UC Patients May Have New Treatment Options, Thanks To New, Experimental Drugs

UC Patients May Have New Treatment Options, Thanks To New, Experimental Drugs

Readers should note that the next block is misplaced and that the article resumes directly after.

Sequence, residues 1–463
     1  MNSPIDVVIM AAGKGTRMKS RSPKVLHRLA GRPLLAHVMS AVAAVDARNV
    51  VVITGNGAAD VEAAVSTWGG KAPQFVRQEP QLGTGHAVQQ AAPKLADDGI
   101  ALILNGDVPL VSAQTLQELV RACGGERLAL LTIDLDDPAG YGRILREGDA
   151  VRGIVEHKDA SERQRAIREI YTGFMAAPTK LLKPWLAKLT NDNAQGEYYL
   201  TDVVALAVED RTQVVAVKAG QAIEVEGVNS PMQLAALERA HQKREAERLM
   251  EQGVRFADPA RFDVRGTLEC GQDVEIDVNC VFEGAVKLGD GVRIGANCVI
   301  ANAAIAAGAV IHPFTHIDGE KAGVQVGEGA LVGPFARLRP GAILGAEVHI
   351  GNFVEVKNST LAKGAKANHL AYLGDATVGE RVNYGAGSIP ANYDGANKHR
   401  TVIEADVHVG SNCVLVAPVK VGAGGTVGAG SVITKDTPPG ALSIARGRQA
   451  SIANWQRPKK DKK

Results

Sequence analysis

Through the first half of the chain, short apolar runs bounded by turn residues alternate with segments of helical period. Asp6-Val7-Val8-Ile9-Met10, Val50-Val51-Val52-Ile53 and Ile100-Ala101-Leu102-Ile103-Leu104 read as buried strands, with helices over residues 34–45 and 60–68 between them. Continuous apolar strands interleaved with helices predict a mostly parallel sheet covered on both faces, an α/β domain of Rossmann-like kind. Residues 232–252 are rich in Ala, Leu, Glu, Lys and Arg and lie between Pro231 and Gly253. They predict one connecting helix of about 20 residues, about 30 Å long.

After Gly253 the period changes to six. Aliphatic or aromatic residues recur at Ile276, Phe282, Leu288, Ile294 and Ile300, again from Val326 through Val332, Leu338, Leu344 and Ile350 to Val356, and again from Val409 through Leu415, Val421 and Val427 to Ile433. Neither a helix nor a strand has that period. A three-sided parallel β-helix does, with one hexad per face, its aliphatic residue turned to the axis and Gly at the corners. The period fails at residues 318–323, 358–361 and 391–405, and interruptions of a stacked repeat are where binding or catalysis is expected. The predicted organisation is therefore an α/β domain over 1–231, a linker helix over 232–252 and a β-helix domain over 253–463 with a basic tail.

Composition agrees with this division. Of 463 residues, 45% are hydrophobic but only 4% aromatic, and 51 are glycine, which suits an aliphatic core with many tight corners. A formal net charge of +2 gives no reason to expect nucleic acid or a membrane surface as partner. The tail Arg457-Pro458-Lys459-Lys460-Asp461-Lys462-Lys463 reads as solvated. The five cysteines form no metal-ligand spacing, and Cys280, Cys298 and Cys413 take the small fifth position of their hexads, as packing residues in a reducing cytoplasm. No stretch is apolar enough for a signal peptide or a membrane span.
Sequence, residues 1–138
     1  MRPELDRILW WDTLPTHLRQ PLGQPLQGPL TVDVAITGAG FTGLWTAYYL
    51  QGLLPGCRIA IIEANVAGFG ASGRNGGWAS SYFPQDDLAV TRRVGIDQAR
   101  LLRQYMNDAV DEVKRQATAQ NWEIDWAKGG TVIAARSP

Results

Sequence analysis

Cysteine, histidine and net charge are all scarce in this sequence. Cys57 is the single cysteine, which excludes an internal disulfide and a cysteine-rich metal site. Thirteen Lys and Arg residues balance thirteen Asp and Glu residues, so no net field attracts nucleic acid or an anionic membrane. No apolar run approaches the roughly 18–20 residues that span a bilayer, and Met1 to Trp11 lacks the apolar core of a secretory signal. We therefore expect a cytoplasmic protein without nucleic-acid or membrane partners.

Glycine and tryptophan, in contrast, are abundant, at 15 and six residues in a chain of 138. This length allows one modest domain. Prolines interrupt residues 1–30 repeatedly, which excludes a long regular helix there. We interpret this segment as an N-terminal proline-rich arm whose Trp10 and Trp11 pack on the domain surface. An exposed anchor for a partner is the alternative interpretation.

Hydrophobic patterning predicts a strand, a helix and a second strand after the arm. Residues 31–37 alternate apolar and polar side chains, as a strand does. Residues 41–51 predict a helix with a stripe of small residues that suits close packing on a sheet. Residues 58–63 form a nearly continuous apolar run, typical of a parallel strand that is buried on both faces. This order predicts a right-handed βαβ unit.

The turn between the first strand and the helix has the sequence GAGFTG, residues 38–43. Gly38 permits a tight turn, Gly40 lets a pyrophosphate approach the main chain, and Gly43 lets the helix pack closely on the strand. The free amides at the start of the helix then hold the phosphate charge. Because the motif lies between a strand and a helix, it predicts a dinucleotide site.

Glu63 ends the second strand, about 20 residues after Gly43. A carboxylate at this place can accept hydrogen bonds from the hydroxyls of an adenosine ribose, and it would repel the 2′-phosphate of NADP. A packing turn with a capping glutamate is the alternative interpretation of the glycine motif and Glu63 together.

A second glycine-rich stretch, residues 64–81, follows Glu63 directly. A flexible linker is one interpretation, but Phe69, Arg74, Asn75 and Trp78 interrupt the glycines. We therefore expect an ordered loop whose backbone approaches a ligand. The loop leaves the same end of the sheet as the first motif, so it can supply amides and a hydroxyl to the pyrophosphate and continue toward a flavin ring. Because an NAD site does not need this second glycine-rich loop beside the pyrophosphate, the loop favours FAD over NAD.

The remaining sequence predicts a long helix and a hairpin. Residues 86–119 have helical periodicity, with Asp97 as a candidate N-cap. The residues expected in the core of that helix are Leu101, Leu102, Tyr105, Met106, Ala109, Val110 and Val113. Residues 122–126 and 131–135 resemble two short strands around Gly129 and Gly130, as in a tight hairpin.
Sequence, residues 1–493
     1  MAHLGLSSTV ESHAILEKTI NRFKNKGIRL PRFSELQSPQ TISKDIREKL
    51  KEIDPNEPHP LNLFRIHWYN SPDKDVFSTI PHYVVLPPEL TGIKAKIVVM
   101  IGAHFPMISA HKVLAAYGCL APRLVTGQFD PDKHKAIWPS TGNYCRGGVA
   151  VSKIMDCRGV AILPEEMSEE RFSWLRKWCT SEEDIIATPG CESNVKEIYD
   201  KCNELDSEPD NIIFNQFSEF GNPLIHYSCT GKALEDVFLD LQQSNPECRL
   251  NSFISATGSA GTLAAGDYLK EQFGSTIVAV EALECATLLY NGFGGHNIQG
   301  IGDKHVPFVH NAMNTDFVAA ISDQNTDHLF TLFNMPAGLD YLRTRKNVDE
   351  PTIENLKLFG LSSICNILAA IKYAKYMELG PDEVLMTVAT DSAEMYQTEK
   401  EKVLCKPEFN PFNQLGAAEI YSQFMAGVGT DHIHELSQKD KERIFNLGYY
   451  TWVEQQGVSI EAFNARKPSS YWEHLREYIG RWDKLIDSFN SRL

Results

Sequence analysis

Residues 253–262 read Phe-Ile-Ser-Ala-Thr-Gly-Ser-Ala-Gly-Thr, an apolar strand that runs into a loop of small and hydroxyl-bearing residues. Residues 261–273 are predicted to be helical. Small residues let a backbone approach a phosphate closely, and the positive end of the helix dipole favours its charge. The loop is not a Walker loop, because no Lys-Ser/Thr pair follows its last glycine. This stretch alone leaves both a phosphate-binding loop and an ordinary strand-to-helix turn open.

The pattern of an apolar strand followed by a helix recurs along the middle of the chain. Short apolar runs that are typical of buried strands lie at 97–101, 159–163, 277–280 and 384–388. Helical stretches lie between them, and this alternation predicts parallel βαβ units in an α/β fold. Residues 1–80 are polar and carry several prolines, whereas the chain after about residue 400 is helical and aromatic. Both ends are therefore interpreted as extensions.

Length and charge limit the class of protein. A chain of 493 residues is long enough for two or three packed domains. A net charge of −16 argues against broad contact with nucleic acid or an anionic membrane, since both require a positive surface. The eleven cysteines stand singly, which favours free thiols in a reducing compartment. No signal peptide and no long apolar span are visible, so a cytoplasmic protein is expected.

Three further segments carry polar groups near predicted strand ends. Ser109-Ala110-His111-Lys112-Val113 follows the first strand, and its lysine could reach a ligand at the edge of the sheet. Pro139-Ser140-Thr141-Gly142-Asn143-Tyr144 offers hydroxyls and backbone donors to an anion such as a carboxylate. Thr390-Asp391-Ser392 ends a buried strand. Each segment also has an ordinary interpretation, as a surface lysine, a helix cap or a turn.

Patients suffering from ulcerative colitis (UC) now have access to new therapies for treating their disease. According to UC expert William J. Sandborn, chief of the Division of Gastroenterology at the University of California, as reported in a recent issue of Healio Gastroenterology, effective drugs for UC have been released in recent years, and more are currently being tested. “It’s never a good time to have UC, but compared to years past, there are some new treatment options and a lot more in the pipeline that give patients options they didn’t have before,” said Sandborn, referring to the wide range of tumor necrosis factor-alpha antagonist treatments recently released, which help UC patients avoid using steroids as first treatment options. “We’ve had three anti-TNF drugs approved over the last 9 years. That’s a big advancement for the treatment of UC,” he added. The advancement of these new therapies for Ulcerative Colitis, according to Sandborn, also hinges on how versatile new therapies are in treating the disease, since not everyone reacts the same way to the same treatment. According to author Shirley Pulawski at Healio Gastroenterology, Sandborn highlighted a group of treatments currently in the product development pipeline, such as the recently-approved vedolizumab from Takeda Pharmaceuticals, which “blocks the alpha-4 beta-7 integrin receptor and blocks lymphocyte trafficking into the gut," which Sandborn notes is a new mechanism of action for treating UC. Sandborn also added that available data indicated that this drug “doesn’t have significant systemic immunosuppressant properties, so that differentiates it from older drugs,” and many patients in clinical trials showed and maintained an improvement in their con
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